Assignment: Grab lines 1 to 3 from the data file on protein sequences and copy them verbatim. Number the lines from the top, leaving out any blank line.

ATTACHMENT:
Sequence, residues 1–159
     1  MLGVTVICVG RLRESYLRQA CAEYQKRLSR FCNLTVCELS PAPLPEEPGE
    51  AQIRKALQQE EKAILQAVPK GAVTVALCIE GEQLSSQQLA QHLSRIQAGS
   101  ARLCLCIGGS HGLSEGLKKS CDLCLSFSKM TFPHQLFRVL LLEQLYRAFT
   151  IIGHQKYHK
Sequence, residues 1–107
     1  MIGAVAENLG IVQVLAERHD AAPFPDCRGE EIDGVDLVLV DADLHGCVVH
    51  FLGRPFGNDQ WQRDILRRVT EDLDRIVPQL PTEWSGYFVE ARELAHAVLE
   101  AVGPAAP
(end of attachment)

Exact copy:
Sequence, residues 1–159
     1  MLGVTVICVG RLRESYLRQA CAEYQKRLSR FCNLTVCELS PAPLPEEPGE
    51  AQIRKALQQE EKAILQAVPK GAVTVALCIE GEQLSSQQLA QHLSRIQAGS